Author Topic: Good PCB Design  (Read 2023 times)

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Offline MuTeD

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Good PCB Design
« on: December 31, 2014, 02:02:11 am »
I've recently watched Dave's PSU PCB Design (#244). He only briefly speaks about good design principles like good grounding and bypassing, splitting ground planes, trace width, good EMC design, ... I looked if he had a video like this but didn't really find anything and think this could be very useful. I've searched for hours about how to do good grounding, bypassing etc without any guarantee that what I am reading is indeed correct. For instance I read that you should route the grounds and then have 1 via to the main ground plane per local net but then I notice that he just made used vias for most grounds. So it would be great to get some tips from a pro! Thanks!

Offline poorchava

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Re: Good PCB Design
« Reply #1 on: December 31, 2014, 06:00:23 am »
I guess one universal tip is: every current has to come from somewhere, go through somewhere to somewhere and return all the way back from there. You need to identify this path for every single current there is on your pcb and then design it in such a way that this path is the shortest, has lowest impedance possible and does not contain high frequency components unless needed or absolutely necessary. That's all. Usually you'll do that only for signals of interest and in particularily notorious parts of a circuit (like switchmode supplies, gates and such).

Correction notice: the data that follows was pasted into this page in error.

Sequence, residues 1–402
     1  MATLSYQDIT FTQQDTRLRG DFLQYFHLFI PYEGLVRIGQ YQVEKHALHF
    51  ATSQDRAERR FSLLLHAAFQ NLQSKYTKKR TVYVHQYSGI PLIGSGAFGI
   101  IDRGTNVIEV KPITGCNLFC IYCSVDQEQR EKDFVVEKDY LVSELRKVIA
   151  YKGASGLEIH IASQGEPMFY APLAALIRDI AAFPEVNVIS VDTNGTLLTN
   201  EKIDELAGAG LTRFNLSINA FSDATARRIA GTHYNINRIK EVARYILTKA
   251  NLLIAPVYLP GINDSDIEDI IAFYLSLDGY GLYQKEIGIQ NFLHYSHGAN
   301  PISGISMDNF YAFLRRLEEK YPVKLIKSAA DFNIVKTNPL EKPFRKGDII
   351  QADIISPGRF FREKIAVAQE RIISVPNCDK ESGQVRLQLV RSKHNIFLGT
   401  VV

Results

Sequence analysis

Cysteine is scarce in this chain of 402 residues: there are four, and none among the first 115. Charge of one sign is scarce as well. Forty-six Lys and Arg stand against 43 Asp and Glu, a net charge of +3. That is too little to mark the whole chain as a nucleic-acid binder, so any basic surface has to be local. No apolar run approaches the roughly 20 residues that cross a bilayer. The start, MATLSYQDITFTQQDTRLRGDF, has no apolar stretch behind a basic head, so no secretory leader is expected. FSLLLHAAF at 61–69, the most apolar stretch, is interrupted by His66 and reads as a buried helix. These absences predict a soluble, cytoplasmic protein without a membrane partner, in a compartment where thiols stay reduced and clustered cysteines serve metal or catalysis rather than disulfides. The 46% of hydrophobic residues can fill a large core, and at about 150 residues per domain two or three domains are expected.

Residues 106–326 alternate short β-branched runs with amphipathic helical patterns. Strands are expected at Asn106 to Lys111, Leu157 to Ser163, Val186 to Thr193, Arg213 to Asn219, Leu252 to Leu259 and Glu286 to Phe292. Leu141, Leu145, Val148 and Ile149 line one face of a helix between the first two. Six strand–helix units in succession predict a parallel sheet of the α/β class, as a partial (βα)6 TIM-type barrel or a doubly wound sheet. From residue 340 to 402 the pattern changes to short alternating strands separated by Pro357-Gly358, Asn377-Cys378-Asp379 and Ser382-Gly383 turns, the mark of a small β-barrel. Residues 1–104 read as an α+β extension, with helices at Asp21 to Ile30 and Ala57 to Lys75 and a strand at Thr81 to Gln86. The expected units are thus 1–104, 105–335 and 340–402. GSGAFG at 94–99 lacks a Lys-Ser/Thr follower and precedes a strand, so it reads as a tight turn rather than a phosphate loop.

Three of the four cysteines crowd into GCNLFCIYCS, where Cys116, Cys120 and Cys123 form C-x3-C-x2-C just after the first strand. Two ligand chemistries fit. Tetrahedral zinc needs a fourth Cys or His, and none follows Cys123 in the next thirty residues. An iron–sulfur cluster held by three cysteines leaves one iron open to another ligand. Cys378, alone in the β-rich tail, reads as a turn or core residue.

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Offline Rerouter

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Re: Good PCB Design
« Reply #2 on: December 31, 2014, 09:53:30 am »
Like most things in electronics, fields overlap so learning one thing may end up with learning 5 things, take this as a warning that this is the tip of the iceberg.

After you learn ohms law most people then forget his friend power (Wattage):
- try and size your trace widths to suit the power across them (Every Trace is a resistor)
- try and size components to keep them reasonably cool where possible, or if not possible try and keep things that are effected by heat away from that area, (E.g. electrolytic capacitors)
- If you have high impedance signals, a thermal gradient can offset your voltages (Think thermocouples)

Try and visualize where each current loop is, if your device outputs 1 amp, 1 amp has to return to it to complete the loop, be it through a ground trace, or an unintended route.

Even if you have a slow signal, e.g. a user pushing a button, you can still be dealing with high MHz edge rates, as such, proper decoupling, input filtering, and such should be looked at.

With I/O where possible try and protect it, for analog/digital inputs this generally just involves a current limiting resistor, for outputs, say a transistor switch, a base resistor can act as a crude current limiter, for some other outputs, there is not much that can be done to help,

I have typed up much on this on this forum, here is one such instance just about ground planes...

Or if you want to be able to understand what is happening in a high speed circuit and traces, this is about the best thread on such a beast

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